History of Ketchup, Catsup, or Maybe Kê-chiap


Ketchup is not American. Nor is it British. It’s not from anywhere where they speak English. It’s from China. And way back thousands of years ago, they called it kê-chiap, OR kôe-chiap. That explains that word for ketchup. But you’re probably still wondering about catsup. Not yet, give me a minute! Ok. So, we know that ancient Chinese ketchup was called kê-chiap, but what was it made of? I mean, China didn’t have tomatoes, did it? Well, I don’t know about any Chinese tomatoes, but I do know that isn’t what kê-chiap was made of. Kê-chiap  was made of… brine of pickled fish. *BLECH!*. I apologize for spoiling your lunch, it had to be said. Moving on. So pretty much here’s how it gets one step closer to us.: Imagine a ship, full of British people sailing to China. I’m imagining this in cartoon form, be cause that’s more fun. Anyway, the British people arrive in China and find ketchup. And decide it’s good. Or something. Not quite sure. Anyway, the British bring kê-chiap, or catsup as they call it, back to Britain. Lots of different kinds of ketchup formulas were created, but the tomato version didn’t pop up till much later, as in about a century. In 1801, Sandy Addison wrote the following recipe which was later printed in the American cookbook, the Sugar House Cookbook.

  1. Get [the tomatoes] quite ripe on a dry day, squeeze them with your hands till reduced to a pulp, then put half a pound of fine salt to one hundred tomatoes, and boil them for two hours.
  2. Stir them to prevent burning.
  3. While hot press them through a fine sieve, with a silver spoon till nought but the skin remains, then add a little mace, 3 nutmegsallspiceclovescinnamonginger, and pepper to taste.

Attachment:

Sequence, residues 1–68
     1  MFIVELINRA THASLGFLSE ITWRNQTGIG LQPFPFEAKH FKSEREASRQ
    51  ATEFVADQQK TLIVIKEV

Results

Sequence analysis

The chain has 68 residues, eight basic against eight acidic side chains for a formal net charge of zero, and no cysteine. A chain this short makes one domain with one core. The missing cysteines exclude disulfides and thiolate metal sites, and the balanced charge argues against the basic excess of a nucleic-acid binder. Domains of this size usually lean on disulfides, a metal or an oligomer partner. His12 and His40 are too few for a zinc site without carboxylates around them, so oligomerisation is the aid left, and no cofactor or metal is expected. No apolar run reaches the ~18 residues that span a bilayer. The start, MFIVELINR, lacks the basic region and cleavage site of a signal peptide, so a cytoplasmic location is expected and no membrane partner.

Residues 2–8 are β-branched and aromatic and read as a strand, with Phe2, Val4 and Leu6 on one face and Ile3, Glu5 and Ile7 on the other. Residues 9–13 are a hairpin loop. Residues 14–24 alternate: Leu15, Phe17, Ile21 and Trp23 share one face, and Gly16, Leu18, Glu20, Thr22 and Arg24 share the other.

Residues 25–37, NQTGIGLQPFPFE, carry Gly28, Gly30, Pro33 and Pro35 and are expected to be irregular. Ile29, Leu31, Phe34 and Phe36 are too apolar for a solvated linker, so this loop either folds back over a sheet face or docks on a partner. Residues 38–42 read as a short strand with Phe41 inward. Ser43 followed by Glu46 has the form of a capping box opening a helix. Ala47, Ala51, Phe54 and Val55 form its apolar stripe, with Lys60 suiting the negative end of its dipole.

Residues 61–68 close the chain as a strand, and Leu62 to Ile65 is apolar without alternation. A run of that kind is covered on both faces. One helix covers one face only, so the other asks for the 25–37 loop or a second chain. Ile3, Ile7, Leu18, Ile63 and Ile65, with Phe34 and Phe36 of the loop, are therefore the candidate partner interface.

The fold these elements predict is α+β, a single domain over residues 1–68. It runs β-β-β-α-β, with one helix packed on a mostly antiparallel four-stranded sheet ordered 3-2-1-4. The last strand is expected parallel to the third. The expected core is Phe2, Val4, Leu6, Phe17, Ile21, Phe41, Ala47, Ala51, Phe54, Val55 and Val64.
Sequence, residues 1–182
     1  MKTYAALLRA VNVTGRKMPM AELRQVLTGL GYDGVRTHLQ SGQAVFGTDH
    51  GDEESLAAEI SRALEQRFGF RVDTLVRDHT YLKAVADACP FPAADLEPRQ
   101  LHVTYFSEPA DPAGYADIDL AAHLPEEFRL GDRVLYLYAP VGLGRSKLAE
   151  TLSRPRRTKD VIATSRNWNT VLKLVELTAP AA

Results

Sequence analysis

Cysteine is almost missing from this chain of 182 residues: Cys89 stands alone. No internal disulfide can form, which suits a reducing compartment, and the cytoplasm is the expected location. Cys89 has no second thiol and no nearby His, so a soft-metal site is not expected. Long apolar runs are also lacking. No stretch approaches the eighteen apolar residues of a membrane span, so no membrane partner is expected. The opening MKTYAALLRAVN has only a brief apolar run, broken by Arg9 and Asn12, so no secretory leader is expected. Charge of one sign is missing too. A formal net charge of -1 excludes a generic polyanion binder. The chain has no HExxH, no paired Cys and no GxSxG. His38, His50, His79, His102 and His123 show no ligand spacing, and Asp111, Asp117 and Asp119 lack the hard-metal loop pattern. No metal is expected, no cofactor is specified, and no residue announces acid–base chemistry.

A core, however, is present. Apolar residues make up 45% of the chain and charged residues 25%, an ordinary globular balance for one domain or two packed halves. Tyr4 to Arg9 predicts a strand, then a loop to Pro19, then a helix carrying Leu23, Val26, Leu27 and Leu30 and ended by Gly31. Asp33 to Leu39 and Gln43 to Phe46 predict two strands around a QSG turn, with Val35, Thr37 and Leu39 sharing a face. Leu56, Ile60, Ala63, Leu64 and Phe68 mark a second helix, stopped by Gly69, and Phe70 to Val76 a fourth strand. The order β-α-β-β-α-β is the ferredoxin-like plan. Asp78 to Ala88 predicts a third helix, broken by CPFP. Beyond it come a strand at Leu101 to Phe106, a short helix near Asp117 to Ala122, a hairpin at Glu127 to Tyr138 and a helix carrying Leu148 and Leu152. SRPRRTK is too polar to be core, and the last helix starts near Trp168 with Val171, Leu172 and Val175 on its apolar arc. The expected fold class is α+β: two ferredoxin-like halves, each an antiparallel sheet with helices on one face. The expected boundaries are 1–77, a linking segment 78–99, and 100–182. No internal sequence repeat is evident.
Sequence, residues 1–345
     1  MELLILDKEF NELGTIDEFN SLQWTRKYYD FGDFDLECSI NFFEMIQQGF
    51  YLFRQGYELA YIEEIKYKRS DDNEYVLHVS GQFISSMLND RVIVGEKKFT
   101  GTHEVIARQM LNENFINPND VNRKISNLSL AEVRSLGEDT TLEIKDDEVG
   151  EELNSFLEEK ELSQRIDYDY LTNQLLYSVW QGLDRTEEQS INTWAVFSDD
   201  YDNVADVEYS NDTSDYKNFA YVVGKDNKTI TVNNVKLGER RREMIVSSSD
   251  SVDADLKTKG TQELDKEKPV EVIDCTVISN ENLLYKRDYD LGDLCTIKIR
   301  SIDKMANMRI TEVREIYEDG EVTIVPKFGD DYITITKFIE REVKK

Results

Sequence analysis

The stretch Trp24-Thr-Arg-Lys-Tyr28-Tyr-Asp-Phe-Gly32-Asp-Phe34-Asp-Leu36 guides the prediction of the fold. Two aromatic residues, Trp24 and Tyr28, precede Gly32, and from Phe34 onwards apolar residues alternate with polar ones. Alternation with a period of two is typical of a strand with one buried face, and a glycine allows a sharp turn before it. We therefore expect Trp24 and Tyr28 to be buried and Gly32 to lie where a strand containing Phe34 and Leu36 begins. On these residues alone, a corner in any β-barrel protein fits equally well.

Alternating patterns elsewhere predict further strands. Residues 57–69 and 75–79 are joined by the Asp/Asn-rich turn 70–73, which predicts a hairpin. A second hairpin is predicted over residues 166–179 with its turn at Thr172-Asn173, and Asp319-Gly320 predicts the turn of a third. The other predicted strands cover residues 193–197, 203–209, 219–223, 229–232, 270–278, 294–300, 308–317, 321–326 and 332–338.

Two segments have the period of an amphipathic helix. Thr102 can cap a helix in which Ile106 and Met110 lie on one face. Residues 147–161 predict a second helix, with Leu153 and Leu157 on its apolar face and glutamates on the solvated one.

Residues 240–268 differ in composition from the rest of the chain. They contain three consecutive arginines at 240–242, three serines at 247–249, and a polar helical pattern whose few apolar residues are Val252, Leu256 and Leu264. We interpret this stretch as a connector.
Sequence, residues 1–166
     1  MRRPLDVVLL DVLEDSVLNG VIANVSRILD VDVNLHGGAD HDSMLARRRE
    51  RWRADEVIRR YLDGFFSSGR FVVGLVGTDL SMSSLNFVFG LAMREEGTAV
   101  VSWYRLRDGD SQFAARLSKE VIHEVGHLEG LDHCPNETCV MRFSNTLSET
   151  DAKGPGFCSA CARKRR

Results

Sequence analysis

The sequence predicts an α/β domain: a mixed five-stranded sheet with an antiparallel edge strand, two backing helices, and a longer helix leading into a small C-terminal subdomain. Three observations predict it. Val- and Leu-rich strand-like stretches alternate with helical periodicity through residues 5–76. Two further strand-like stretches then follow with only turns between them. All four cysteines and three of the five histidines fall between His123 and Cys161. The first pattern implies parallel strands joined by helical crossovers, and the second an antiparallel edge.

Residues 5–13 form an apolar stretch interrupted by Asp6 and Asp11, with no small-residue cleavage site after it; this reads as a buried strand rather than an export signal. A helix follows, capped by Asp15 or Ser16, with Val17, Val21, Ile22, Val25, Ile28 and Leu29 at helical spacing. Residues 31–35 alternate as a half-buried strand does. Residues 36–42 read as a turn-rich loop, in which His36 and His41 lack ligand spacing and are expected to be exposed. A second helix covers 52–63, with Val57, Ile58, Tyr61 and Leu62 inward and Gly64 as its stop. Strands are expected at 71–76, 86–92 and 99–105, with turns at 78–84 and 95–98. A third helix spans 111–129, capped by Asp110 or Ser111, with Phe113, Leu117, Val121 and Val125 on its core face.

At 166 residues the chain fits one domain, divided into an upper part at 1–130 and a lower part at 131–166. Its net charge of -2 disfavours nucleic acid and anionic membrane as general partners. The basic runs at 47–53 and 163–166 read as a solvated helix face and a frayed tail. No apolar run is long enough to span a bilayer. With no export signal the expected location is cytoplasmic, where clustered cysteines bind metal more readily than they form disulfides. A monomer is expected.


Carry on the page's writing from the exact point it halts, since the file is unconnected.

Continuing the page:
4. Boil over a slow fire till quite thick, stir all the time.
  5. Bottle when cold.
  6. One hundred tomatoes will make four or five bottles and keep good for two or three years.      

And this recipe is bit peculiar* because… Americans didn’t eat many tomatoes because they resembled* their cousin, nightshade.

*Big Words!

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1812: James Mease publishes another recipe for tomato ketchup.

1824: A recipe for tomato ketchup is published in The Virginia Housewife (a 19th century cookbook written by Mary Randolph, Thomas Jefferson’s cousin.).

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Fun Facts that happen to be part of the report:

American cooks started sweetening up ketchup in the 19th century.                             Yay!

As the century passes on, ketchup becomes more popular.                                                 Yay!

HOWEVER. Ketchup rose to popularity long before tomatoes.

That’s because they were just plain unsure whether or not they could eat raw tomatoes…. whereas they didn’t hesitate to eat processed tomatoes. I prefer the raw ones, personally.  Which do you prefer? Leave your answer in the comments below. Back to our subject.

FARMERS SOLD KETCHUP. LOCALLY. DO YOU KNOW ANYONE WHO DOES THAT?!

Sorry. Caps-lock seemed necessary.

{A guy named Jonas Yerks [or Yerkes] is maybe the first person to make ketchup go national. As in become a national phenomenon. By 1837, he had made and sold the condiment nationally.}

 A Little Bit of Heinz History:

  • 1876: F. and J. Heinz launch their tomato ketchup. “Blessed relief for Mother and the other women in the household!” was their advertisement.

The Webster’s Dictionary of 1913 defined ‘catchup’ as “table sauce made from mushrooms, tomatoes, walnuts, etc.”

Modern ketchup came out in the early nineteen hundreds, from a debate about the use of sodium benzoate as a preservative in condiments.

The “father” of the Food and Drug Administration, Harvey W. Wiley, cHaLlEnGeD the safety of the benzoate, and it was BANNED in the 1906 Pure Food and Drug Act. So then Heinz and other entrepreneurs decided to use a different recipe that didn’t involve the sodium benzoate. Before Heinz (and his fellow ketchup-makers), commercial ketchup was thin, watery stuff,  partly because of the unripe tomatoes that were low in pectin. They also didn’t have as much vinegar as today’s ketchups. By pickling ripe tomatoes, the problem was solved. Wikipedia says: “But the changes driven by the desire to eliminate benzoate also produced changes that some experts (such as Andrew F. Smith) believe were key to the establishment of tomato ketchup as the dominant American condiment.”, but I’m having trouble making sense of that.

So, that’s ketchup’s history!

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